Friday, May 29, 2009


Monika has tagged me to share with you an experience that was scary and horror filled. I cannot think of many such instances since my life has followed a pretty normal course with not many thrillers thrown in. But there is one that scared the life out of me and that is what I plan to report.

It was way back in 1975 and just on new year's day. I was returning to Jamshedpur with my first born-just three months old. My uncle was to accompany me. My mother came to the station to see me off. I was to board a train bound for Chennai coming from Mangalore and the train stopped at Erode where I was supposed to board, for just 10 minutes. I was naturally upset at having to leave home. My mother was full of advices as to how the child needed to be cared for during the long journey and other useful tips that only aa mother can give. The train arrived and my uncle got busy loading the luggage and left me along with the baby and my mother. He came back in 5 minutes and found that my mother was no longer standing by my side and I had no clue as to where she had gone. Now my mother's eyesight was weak and about 70% gone. There was no way we could find out whom she had followed and which compartment she might have gotten into. My mama was almost in tears and asked to porter to bring down all the luggage that had been loaded. A cousin Ambi, who had accompanied us and was to take my mother back jumped in and out of each compartment looking for her and all I could do was to stare at the train, child in hand and eyes filled with tears. Just when the guard was about to blow the whistle Ambi got down from a compartment followed by my mother. relieved to see her my mama ordered the porter to re-load the luggage and almost shoving me into the train waved a hurried good bye to my mother asking Ambi to take her home. We did not even know if all items of luggage had been loaded or not and it was only when the train began to move that the gravity of the situation began to register in our minds. It so happened that my mother mistook someone else for my uncle and followed the person into the wrong compartment. Once inside she could not see a thing and kept calling our names. I still shudder to think of what may have happened if the train had moved before she was located and disembarked. My only regret to this day is that I had the responsibility to take care of her in a busy platform and I had somehow failed her.

I invite all my readers to consider themselves tagged and share their horror experiences with us.

Friday, May 22, 2009

Tagged by The Pack

The Pack has tagged me to reveal 10 facts about me. Well I am not sure if there are 10 things to report about me that would interest others. But since the number is fixed one must strive to make ordinary facts interesting to esure readership. So here I go.

1. My readers ought to know by now that I talk a lot. Yes, i do. I take ten minutes to describe an event or information that others would say in perhaps two minutes? My son hushes me up at times and asks me to come to the point. I'll try, I promise, to mke my posts crisp and readable.

2. I am kind of laid back and were it not for my responsibilities as wife and mother and teacher to fulfill I may just not have a priority list to do things.Right now, at my son's place in New York I am enjoying myself by simply not following any order of doing things. It helps that I have no servant to worry about or else I'd have to finish my work to give her work. Jet lag is a pleasure, I sleep like a log in the afternoon, read a book at three in the morning have lunch at four in the evening......... Oh! what bliss.I can do what I want to and blame it on jet lag. It cannot continue for ever and back in India in about 40 days time I have to follow a routine, jet lag or not. But lemme enjoy myself while I can.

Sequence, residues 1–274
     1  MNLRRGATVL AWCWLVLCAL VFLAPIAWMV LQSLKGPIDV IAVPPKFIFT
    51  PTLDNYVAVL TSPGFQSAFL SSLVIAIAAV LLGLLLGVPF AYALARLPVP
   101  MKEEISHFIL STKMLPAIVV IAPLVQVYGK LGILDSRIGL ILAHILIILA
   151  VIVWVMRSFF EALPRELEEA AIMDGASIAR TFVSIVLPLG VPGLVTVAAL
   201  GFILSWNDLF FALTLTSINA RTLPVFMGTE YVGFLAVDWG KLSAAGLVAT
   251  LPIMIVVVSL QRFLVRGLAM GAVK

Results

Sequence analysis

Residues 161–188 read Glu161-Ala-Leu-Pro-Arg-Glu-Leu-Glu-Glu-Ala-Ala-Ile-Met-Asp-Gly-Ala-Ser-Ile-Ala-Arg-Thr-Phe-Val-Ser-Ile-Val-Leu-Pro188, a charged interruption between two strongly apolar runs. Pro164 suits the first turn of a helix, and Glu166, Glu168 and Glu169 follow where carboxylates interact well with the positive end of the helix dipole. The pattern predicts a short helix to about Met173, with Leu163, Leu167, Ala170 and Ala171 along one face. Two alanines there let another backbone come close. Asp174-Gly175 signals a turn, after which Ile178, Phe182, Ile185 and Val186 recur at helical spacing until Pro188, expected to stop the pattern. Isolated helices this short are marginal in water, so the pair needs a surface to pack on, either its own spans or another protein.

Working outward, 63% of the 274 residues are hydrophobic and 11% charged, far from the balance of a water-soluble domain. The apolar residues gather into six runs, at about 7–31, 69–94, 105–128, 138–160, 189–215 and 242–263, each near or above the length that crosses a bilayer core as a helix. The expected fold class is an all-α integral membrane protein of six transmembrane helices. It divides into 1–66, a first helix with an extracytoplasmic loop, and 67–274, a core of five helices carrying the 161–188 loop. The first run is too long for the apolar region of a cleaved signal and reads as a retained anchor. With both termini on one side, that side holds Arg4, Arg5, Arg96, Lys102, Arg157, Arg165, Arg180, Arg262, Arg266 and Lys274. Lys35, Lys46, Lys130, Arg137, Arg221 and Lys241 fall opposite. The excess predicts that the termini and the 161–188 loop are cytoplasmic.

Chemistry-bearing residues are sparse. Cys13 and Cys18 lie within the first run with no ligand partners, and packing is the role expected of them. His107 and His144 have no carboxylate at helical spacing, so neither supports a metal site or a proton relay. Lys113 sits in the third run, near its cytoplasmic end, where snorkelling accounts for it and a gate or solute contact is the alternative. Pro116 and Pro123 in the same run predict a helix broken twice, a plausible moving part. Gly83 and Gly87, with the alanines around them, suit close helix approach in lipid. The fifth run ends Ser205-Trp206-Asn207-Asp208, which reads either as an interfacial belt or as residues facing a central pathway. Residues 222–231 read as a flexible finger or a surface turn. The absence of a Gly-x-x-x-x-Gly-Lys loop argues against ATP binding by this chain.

3. I am the kind of person who is perhaps quite approachable. In most of my train/plane journeys I find people talk to me easily. When I landed in New York and while waiting for prepaid transport, there was this woman talking English with a German or perhaps Italian accent (not that I know for sure, I only assumed) who told me that she watched a program 'way to India' or something like that and we spoke for 5 minutes and my son was kind of surprised as to what I could have possibly said to a complete stranger. Remember, she talked to me first. There are women, starting from one who fills water by the roadside to another who is utterly religious and has had a bath when I go for my morning walk, there are so many who have a kind word to say to me. I am indeed blessed.

4. I have a soft corner for women in distress. When I first started working and got a flat salary of Rs. 680/- during my probation period, I felt so empowered that I actually allowed a neighbor to take advantage of me with her sob stories. Another time a widow with 4 children and no job became an eligible candidate for my kindness. It is quite another thing that these ladies forgot me when their situations improved and my husband keeps warning me all the time but I am yet to learn my lesson in a big way. I am however more careful these days.

5. I am not the kind to fuss over my children. Oh yes, I am there to support and help them when they need me. But I've seen mothers cook separate items for dinner for each of her fussy children, or worry about the dress her daughter should wear for a particular occasion. I've seen others questioning teachers about each mark scored or not scored in a particular paper. I don't know if the credit goes to me or my children, but they have been uncomplaining and I've been non interfering, unless of course the matter was really serious. None of us have bothered too much about little eyesores. May be it was the situation we were in or my basic nature or the fact that there was really no cause for panic/alarm we've lead a pretty much comfortable life.